Bibliography: Writing Studio Pedagogy, Active Learning, Learning Spaces
Gierdowski, D. (2015). Instructor perceptions of a flexible writing classroom. In R. G. Carpenter, R. Selfe, S. Apostel, & K. Apostel (Eds.), Sustainable learning spaces: Design, infrastructure, and technology. Computers and Composition Digital Press. Retrieved from https://ccdigitalpress.org/book/sustainable/
This chapter presents a descriptive case study of an active learning classroom that is in many ways quite similar to the one recently created for UConn’s First-Year Writing program. It addresses technology in classrooms in specific detail and also highlights flexibility as a key attribute affecting educational practices. It also considers the ways in which unfamiliar active learning spaces can be seen as an obstacle by some instructors and students. One important conclusion Gierdowski makes is that pedagogical spaces — though an important factor in shaping the activity that goes on in a classroom — don’t guarantee any particular practices or outcomes. Instead, the way teachers shape classroom activity with the space is the most consequential factor, which Gierdowski argues warrants special attention to helping instructors develop strategies for working effectively with active learning spaces and technologies.
Petersen, C. I., & Gorman, K. S. (2014). Strategies to address common challenges when teaching in an Active Learning Classroom. New Directions for Teaching and Learning, 2014(137), 63–70.
In this article, Petersen and Gorman offer some practical advice for working in Active Learning Classrooms (ALCs). They begin by laying out some of the things commonly described as problems by instructors teaching in ALCs for the first time, such as "no focal point" and "overwhelming technology." They then recommend specific strategies for acclimating to these changes, ways to to work with the room rather than against it. At the end of the article, the authors propose a method for using student feedback to address the variety other challenges that may arise when working in an unfamiliar space.
Walls, D. M., Schopieray, S., & DeVoss, D. N. (2009). Hacking spaces: Place as interface. Computers and Composition, 26(4), 269–287.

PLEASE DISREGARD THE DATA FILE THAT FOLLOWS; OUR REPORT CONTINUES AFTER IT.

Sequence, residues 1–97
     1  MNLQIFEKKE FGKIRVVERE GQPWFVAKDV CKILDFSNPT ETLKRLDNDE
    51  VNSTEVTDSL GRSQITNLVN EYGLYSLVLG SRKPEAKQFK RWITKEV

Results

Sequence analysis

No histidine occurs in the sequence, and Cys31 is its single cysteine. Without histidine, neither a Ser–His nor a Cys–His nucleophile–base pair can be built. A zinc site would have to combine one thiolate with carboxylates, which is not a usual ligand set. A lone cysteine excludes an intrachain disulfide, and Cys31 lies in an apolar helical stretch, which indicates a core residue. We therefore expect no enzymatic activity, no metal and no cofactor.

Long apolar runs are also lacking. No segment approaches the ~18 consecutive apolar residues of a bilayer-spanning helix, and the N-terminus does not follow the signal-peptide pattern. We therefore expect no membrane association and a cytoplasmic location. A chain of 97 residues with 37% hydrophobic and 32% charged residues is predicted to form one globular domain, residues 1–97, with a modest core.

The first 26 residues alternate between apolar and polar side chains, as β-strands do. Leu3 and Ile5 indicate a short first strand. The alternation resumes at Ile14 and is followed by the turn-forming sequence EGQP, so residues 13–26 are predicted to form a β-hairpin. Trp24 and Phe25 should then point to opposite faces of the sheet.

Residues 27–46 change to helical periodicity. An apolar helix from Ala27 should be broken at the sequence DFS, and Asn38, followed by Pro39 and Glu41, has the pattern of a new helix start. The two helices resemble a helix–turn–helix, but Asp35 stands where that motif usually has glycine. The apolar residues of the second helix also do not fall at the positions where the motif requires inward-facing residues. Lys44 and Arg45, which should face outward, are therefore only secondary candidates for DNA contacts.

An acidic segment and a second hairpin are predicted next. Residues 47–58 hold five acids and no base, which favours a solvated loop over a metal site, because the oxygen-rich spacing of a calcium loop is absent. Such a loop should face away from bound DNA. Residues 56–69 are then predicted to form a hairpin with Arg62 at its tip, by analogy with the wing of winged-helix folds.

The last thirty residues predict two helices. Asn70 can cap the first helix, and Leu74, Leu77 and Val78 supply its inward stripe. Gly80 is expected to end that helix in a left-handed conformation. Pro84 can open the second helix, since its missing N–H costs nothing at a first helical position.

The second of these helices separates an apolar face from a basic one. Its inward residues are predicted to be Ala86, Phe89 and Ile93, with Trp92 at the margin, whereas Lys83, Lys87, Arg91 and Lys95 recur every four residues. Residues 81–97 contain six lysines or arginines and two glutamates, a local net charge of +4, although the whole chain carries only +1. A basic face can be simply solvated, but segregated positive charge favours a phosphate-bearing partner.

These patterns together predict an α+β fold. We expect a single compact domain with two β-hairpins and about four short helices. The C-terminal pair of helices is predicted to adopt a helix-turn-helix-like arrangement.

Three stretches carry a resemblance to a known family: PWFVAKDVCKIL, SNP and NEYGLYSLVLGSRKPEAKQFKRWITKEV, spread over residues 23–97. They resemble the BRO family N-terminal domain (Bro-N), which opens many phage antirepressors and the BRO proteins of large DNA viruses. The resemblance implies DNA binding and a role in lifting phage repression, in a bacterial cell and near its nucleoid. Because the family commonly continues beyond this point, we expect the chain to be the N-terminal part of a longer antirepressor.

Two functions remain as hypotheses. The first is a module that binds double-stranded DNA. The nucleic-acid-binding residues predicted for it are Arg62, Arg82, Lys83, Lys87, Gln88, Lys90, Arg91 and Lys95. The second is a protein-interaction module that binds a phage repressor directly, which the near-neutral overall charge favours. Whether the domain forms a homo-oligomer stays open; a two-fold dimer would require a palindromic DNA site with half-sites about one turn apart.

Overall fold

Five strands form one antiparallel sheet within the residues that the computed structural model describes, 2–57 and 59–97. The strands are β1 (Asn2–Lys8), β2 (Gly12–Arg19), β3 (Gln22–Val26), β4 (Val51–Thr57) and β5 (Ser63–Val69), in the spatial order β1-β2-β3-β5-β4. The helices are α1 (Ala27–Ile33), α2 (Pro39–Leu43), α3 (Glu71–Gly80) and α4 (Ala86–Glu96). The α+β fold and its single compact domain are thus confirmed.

Walls et al. describe the challenges of teaching writing in less-than-ideal environments and present a five-part heuristic for analyzing spatial educational challenges. They begin by theorizing educational space and arguing that spaces are embedded with values and affordances based on sedimented cultural/educational histories and institutional politics. Acknowledging that spatial redesigns in contexts like universities often take many years and are the result of hard-fought institutional arguments, Walls et al. advocate for “hacking” classrooms in the short-term; in particular, they propose meta-awareness of the spaces we teach in and “working with” (and sometimes creatively against) those spaces to achieve desired outcomes. This article’s literature review usefully summarizes a couple of decades of research in instructional spaces in writing studies. The idea of “hacking” is useful as a model for bringing studio pedagogy to spaces that are not explicitly designed for it.
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- Carpenter, R. G., Selfe, R., Apostel, S., & Apostel, K. (2015). Sustainable learning spaces: Design, infrastructure, and technology. Retrieved from https://ccdigitalpress.org/book/sustainable/
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- Gresham, M., & Yancey, K. B. (2004). New studio composition: New sites for writing, new forms of composition, new cultures of learning. WPA, 28(1–2), 9–28.
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- Langley, D., & Guzey, S. S. (2014). Conducting an introductory biology course in an Active Learning Classroom: A case study of an experienced faculty member. New Directions for Teaching and Learning, 2014(137), 71–76.
- Lerner, N. (2009). The idea of a writing laboratory. Carbondale: Southern Illinois University Press.
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